#8 - Shadowcasting
I've known about Ra Ra Riot since there were only live recordings on their Myspace page. I say this not to be "the ground-floor guy", but to help explain that it sort of feels like they've lost a little bit of their drive and passion. I don't know, The Orchard just seems too "produced." Which is obvious, given their steady rise in fame and success, that they would gain access to more production. Still, despite my misgivings, it is a solid album that I can easily recommend.
The Drums - Self-Titled
#9 - Best Friend
#10 - Forever and Ever Amen
I've never listened to The Smiths, but apparently they sound like this. The Drums definitely capture the essence of another decade, and I love that about them. Being able to recreate the sounds of the past when music is created in completely different ways with each generation is certainly a talent.
Scott Pilgrim Vs. The World Soundtrack
#11 - Sex Bob-Omb - We Are Sex Bob-Omb
#12 - Crash and the Boys - We Hate You, Please Die
Just like Matt was impressed with the soundtrack to the Scott Pilgrim game, I was blown-away by the movie's soundtrack. Edgar Wright clearly took his time to find the right artists to craft the music of the fictional bands from the comic, as well as using real-life bands that helped inspire, were referenced in, or fit the mood of the books. Beck does an amazing job of crafting Sex Bob-Omb's music to be both entertaining to the movie-going audience, but terrible sounding to those with mainstream sensibilities. The thick distortion sounds like it came straight from the cheapest, piece-of-crap amplifier ever made, and their random whoops and yells give the feel of a band that has no idea how to structure a song and just add flourishes whenever they decide they want to. And please, I would love for the Broken Social Scene guys that created Crash and the Boys to cover those songs in real-life.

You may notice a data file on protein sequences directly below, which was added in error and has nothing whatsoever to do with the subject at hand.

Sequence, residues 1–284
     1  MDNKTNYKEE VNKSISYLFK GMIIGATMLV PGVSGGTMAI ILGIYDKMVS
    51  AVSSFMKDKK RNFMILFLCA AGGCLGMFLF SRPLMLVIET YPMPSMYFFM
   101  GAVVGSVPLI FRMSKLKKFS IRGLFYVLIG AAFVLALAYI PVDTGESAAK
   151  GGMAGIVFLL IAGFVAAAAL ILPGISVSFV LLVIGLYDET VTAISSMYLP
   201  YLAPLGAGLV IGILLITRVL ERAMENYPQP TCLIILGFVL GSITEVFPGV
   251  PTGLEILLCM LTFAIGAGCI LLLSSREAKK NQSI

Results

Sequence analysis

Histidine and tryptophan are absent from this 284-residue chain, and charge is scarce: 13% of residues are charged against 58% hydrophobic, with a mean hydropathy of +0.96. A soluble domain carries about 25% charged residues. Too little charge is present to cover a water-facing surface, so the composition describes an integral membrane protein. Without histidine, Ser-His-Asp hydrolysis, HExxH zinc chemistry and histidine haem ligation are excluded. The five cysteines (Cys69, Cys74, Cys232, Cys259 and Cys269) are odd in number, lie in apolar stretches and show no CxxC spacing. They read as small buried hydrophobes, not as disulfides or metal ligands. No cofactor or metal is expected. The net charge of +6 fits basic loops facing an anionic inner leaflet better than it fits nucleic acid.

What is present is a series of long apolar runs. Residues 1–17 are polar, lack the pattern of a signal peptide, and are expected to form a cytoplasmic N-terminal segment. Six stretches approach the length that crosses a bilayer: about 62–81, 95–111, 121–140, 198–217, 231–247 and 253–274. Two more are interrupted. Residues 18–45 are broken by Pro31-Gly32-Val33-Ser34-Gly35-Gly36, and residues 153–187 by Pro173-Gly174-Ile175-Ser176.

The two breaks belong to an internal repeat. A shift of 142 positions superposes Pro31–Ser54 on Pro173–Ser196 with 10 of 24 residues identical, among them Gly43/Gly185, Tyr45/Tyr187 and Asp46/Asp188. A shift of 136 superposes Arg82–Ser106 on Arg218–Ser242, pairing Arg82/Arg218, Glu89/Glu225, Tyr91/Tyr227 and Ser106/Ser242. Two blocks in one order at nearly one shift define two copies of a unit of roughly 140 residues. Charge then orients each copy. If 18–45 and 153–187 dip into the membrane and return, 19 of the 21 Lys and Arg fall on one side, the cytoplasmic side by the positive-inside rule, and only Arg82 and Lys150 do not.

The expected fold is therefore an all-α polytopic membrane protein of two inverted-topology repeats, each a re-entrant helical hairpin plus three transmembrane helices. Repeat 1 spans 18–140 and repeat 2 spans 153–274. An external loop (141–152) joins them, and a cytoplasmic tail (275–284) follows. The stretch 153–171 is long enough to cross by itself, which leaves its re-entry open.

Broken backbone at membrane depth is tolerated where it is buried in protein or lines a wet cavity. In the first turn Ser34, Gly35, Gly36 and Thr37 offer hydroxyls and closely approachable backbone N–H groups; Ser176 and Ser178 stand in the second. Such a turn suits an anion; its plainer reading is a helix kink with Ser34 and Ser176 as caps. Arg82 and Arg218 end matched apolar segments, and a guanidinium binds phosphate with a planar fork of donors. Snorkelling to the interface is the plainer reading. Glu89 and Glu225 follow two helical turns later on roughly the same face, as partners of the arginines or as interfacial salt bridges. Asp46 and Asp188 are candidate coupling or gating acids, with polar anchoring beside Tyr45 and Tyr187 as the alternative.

Eels - Tomorrow Morning
#13 - Spectacular Girl
#14 - This is Where it Gets Good
This is the third Eels album in just over a year, and apparently it closes out a trilogy of concept albums. I love trilogies. Anyway, I didn't know that until now, so I couldn't exactly tell you what the story is about. Also, I missed out on Eels until this year, so I couldn't tell you how this release compares to their past work, either. Amongst the things I can tell you, is that I really enjoy the slow, somber sound on this CD, and I'm kind of excited to try to analyze the concept of this and the previous two releases, now that I know they're a concept album trilogy.
Punch Brothers - Antifogmatic
#15 - Don't Need No
#16 - Me and Us
The Punch Brothers last CD, their debut, fell into a bit of a gap. It was much more technically complicated than most bluegrass fans enjoy, but the songs were too long and meandering for a lot of casual indie fans to rally behind. A majority of the CD was made up by a huge song, broken up into four movements, all almost 9 minutes or longer. Antifogmatic is a clear change in direction, with the entirety of the release consisting of more easily digestible songs, both in length and structure. I don't necessarily think that's better, but it's certainly easier to recommend to new listeners.